This is exactly how I was feeling as I was leaving the gallery on Friday, when I turned for one last look and something in the painting “I can See clearly Now” caught my attention. I chuckled quietly to myself as for a moment I seemed to catch a glimpse of Terry Gilliam. Then I realized that this gave me something to hang onto. I looked around the gallery for something else... There was Hokusai... and across from it was Phillip Guston accosting a tree... Christ! The tree is Chuck Jones (and so is that tornado over there)! Am I looking at metaphorical collage? I still don’t know, but at least I have something to hang on to.
We left that show around 8 and came to the unfortunate realization that we’d missed Carolyn Bomar’s show at Material (a fact that bums me out on a lot of levels), so we make a b-line for Larry Edwards at Marshall Arts. Again I was confronted by something inexplicable to me. I could take ten pages of copy and explain to you in excruciating detail exactly what I saw, but I’m afraid it wouldn’t do any good.
I’ve been told by people who knew his work from before that this show is pretty much indicative of his work. Apparently he’s something of a perennial figure in Memphis art, which does me no good seeing as I’m not from Memphis. What I saw was a beautiful and exquisitely crafted train wreck. I walked in the door and saw an image so bluntly horrifying and yet inescapably beautiful that I had to physically extricate myself from it.
It was like watching the Masterpiece Theatre version of Jerry Springer.
My fortune cookie at lunch today said, "The greatest danger could be your stupidity."
My Chinese word for the day was Green Bean.
Thursday, September 07, 2006
I’m not sure what I’m going to do if things don’t settle down soon. This week has been an disaster (excepting for about four blissful hours spent at the Brooks Museum last night). Let me give you the disaster countdown:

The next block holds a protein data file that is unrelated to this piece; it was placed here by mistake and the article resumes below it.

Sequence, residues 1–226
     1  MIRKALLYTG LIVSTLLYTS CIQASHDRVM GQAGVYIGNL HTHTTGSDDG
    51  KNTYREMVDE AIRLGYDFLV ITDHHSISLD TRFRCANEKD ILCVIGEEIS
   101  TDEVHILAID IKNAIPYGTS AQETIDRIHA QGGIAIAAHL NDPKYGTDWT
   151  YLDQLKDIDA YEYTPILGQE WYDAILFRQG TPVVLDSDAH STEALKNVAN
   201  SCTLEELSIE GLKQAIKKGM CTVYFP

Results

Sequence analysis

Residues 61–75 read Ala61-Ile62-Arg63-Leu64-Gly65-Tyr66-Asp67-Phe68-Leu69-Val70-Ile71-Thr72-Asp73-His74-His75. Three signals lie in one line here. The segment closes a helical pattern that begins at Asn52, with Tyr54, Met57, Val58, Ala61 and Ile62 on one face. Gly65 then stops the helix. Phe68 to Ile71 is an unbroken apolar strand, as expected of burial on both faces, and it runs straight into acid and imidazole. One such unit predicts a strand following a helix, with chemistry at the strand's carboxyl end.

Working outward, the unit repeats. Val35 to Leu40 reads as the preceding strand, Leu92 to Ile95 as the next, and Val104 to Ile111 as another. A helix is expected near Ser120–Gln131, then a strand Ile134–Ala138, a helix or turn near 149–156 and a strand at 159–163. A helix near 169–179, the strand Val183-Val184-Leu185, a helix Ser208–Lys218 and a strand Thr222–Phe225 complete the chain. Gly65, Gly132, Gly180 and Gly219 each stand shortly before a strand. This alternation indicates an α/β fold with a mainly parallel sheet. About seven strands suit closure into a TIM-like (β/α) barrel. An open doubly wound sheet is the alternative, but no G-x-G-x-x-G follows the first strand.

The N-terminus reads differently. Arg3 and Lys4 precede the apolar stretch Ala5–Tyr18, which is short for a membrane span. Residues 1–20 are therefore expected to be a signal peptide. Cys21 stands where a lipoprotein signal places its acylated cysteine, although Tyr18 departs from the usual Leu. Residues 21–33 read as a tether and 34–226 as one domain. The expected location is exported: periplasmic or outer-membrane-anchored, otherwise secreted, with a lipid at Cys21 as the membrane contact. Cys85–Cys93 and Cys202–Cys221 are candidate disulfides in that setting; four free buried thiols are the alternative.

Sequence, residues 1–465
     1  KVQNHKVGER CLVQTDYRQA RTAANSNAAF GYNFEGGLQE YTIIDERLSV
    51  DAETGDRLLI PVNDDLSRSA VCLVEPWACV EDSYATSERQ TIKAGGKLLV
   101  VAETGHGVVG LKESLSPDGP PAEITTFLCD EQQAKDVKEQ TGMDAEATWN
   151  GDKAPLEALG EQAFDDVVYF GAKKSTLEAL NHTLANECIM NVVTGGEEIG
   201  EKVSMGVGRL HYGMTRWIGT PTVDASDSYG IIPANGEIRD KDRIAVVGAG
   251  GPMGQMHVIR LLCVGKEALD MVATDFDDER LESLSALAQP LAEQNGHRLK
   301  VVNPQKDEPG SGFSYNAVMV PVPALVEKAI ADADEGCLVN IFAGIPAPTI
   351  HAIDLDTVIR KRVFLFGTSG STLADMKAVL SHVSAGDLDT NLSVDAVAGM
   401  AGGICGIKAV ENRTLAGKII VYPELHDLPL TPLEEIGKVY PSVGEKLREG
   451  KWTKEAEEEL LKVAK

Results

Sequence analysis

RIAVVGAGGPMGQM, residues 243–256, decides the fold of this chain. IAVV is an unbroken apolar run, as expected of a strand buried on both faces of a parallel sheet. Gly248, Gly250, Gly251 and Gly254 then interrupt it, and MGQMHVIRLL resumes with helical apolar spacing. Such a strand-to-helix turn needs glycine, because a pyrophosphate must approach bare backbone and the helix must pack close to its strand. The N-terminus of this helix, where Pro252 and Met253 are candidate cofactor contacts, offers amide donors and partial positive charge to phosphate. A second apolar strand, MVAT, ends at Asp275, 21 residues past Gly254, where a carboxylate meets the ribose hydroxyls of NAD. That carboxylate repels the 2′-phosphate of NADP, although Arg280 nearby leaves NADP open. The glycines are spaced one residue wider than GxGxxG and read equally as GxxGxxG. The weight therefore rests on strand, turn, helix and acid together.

First Amber’s car dies in traffic. I don’t mean dies as in “stalls quietly sitting at a red light.” No, I mean “all power and most of the brakes go out at 55MPH in heavy rush hour traffic.” I managed to coast to a very lucky stop at Highland and Summer. The wonder that are Daniel and Chandler were nice enough to come rescue us. Two days and $500 later, we should be getting the car back tonight. For future reference, a dead alternator in a Hyundai will cause the car to shift from 4th to 1st in the space of about a quarter mile.
I get home after going back to the car to leave a note begging the cops to not impound our abandoned vehicle before the wrecker can get there to a message from my dad asking me to call him. The tone in his voice tells me that this isn’t going to be good. I get him on the phone and it turns out that sometime late that afternoon my grandmother had been bitten on the hand by a snake. Oh but wait, it gets better: it later transpires that she’s allergic to anti-venom. Pardon my acronym, but OMGWTF?!?!? Last I heard (which was late last night), she was responding well to allergy treatments and was going to be moved out of ICU onto a ward floor. I want to go see her, but at this point that would leave Amber without any means of transportation to get to work.
Speaking of Amber and her work, now on to disaster number three. Most anybody who reads this would know that Amber took a teaching job with the city schools. Specifically, she took a teaching job with the school that has been on the news so much because of the 26 arrests that kept the school in a three hour lockdown less than two weeks ago. I’m here to tell you that the security situation in said school has gotten no better.
One of her students yesterday brought her a letter from the schools administration excusing his absence from class due to detention. It turns out that he was in detention because of a gang fight. I’ll give you a second to process that…
That’s right: he got an excused absence because of a gang fight.
We should be mad as hell that our children are being daily thrust into the middle of violent, gang ridden schools with laughable security. I know the city schools spokesperson has been on the news every night this week talking about hiring more security personnel, and I realize that the bureaucracy involved in this task must make it incredibly time consuming (we don’t want just anyone watching after our children), but it must be emphasized that this cannot happen fast enough.
On Wednesday, Amber began her morning witnessing the absolute beating of one of her Female students by one of her Male students. She rang for a school official to come down and help, but nobody every showed up. She was instructed to “retain the students.” I’d love for someone to explain to me how my wife was supposed to “retain” an adrenaline pumped 18 year old boy who, on his worst day, could still have pounded the living shit out of her? He obviously had no problem hitting women. Was she supposed to take a beating too?